\m\m > > > the sells story, in a way, is the story of four brothers who literally ran away and joined the circus from a small farm near what is now dublin, ohio.
≫ > and you sort of ask yourself, why a circus? It's not like there are elephants in dublin. But they were really entrepreneurs and they were selling used furniture. They were selling things on the roads.
And if you followed a circus, you didn't have to publicize. You had a built-in cliental who are coming to look for the goods you had to cell. ≫ > by 1871, they had put together a small traveling circus which had its opening day at the corner of state and high street in downtown columbus.
≫ > then in 1878, that was a big year for them, they were able to buy a lot of the equipment from a railroad circus that had gone broke.
And they went on the railroad track for the first time. They were on about 32 railroad cars. What was really distinctive about them that year is they called it " the sells brothers seven elephant circus." and they had the most elephants on any circus in america.
They had an auction in columbus in february of 1888 of the surplus equipment. And the ringling brothers came to that and the ringling brothers bought their first two elephants that they ever owned.
They bought them at the auction here in columbus. Probably one of the most glorious years the show had was in 1884. They had 50 cages. Basically, circuses were traveling zoos at that time and would always have elephants, giraffes, hippos and many, many americans saw their first elephant or their first exotic animals at a circus at a circus rather than a zoo.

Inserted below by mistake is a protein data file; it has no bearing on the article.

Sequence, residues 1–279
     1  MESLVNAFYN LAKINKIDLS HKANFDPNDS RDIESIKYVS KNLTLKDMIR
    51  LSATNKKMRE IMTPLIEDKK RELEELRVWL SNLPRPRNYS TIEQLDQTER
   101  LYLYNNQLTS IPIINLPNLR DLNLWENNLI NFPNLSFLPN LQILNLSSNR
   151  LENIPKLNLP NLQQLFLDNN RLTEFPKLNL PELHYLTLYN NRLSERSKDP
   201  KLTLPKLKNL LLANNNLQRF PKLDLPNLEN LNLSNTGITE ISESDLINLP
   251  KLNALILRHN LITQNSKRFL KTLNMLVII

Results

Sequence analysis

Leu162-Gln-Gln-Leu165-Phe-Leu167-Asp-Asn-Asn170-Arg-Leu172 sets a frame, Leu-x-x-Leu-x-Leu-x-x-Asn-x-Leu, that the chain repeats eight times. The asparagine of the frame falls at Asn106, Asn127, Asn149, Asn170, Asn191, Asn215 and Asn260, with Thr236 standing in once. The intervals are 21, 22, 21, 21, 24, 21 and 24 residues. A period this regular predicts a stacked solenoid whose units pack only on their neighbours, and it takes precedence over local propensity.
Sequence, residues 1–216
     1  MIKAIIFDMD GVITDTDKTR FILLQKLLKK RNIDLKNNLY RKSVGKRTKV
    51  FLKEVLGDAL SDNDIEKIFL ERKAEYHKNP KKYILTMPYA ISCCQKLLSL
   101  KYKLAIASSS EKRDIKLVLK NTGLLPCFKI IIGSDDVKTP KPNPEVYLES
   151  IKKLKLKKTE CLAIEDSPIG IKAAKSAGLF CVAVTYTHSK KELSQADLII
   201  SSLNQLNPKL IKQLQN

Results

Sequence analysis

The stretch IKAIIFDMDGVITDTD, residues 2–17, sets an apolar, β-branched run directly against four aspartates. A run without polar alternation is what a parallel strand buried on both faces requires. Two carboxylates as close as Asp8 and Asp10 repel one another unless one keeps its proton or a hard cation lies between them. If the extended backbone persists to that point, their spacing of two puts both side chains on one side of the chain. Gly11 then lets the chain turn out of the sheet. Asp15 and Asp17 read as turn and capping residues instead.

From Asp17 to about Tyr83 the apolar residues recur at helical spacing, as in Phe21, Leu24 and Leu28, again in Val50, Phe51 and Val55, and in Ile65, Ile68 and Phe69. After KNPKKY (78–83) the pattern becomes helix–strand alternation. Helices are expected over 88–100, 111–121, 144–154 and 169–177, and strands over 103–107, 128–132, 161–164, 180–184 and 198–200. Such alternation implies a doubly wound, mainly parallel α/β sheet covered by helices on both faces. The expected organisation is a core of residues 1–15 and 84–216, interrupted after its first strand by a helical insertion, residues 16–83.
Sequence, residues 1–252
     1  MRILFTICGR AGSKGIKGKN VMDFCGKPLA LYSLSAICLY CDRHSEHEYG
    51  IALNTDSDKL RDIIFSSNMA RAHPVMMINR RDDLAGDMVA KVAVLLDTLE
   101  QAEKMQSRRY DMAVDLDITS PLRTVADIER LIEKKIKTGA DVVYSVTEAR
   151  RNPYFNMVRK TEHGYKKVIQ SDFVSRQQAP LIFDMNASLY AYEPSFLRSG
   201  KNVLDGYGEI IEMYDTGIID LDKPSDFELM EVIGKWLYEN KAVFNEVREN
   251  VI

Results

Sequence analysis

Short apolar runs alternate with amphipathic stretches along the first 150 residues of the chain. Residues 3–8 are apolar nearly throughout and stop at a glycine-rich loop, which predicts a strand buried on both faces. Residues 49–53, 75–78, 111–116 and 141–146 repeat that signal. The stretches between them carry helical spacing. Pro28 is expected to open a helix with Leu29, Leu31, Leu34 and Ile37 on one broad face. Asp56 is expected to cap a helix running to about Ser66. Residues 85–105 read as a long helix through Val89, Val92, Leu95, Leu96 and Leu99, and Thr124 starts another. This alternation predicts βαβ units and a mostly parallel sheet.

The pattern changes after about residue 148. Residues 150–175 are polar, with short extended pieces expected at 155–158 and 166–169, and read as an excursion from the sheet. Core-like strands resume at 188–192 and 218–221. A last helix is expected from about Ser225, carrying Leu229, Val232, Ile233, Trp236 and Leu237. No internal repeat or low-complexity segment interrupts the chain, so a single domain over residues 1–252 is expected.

\M\m \m\m > > sellsville, directly across the olentangy river from the campus of the ohio state university, was the winter quarters of the sells brothers circus.
≫ > that was basically from the olentangy river on the east side to above virginia avenue, which is close to kenny road on the west side. And then it was bordered by king avenue and fifth avenue on the south and north sides of it.
≫ > the lennox town center now, that was where the agricultural areas were. They raised hay and grain for the circus animals. ≫ > it is kind of an agricultural community in some ways because you've got people who need to be fed all the time.
You've got animals. ≫ > everything you can imagine, in sellsville, we had. We had delivery stables. We had hundreds of horses. Sundays we would open the circus up during the winters and you could come down and see various acts.
You see trapeze acts. You could see jugglers. You could see all kinds of acts. The place to be was in sellsville. ≫ > I think what marks this community from all others are the tails of escaped animals.
They are wonderful and legendary and one of the people who lived in that neighborhood would tell the story of crossing the fifth avenue bridge on his motorcycle at night and meeting an elephant coming towards him.
And getting off the motorcycle and he is climbing up into the bridge trusses. Other people would wake up in the morning and find that there were monkeys on their porch roof. One family found part of the porch had been ripped off by elephants in the snow.
≫ > the region was inhabited with a lot of transplanted former slaves. There were indians that were remaining. And it gave them an opportunity to take advantage of significant work force.
They didn't have to really pay a lot. ≫ > sellsville was extremely integrated. We had the polka dot school which was 50% white, 50% african american. We had a team called the sellsville sluggers, baseball team.
An all african american team. The sells brothers saw the value of those workers to their circus. And so they actually treated them pretty well in comparison to the other circuses. The community was interracial, very peace loving and very much self contained.